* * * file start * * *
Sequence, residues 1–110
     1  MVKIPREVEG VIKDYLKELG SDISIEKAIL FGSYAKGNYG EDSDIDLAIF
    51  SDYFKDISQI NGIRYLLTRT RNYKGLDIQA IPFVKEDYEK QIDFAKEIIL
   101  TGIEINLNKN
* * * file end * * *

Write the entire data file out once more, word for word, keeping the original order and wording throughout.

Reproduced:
Sequence, residues 1–110
     1  MVKIPREVEG VIKDYLKELG SDISIEKAIL FGSYAKGNYG EDSDIDLAIF
    51  SDYFKDISQI NGIRYLLTRT RNYKGLDIQA IPFVKEDYEK QIDFAKEIIL
   101  TGIEINLNKN